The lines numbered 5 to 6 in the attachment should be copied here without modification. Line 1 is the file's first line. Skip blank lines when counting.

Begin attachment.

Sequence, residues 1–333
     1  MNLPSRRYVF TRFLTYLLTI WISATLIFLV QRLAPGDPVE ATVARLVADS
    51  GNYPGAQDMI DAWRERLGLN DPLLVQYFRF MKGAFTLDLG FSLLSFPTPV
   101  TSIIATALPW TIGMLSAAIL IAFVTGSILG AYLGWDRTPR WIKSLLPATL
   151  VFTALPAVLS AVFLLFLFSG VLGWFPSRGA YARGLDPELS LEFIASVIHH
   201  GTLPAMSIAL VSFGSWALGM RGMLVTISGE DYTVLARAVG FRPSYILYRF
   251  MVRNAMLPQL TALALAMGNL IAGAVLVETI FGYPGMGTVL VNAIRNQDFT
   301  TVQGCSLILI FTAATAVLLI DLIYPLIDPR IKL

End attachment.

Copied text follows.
   151  VFTALPAVLS AVFLLFLFSG VLGWFPSRGA YARGLDPELS LEFIASVIHH
   201  GTLPAMSIAL VSFGSWALGM RGMLVTISGE DYTVLARAVG FRPSYILYRF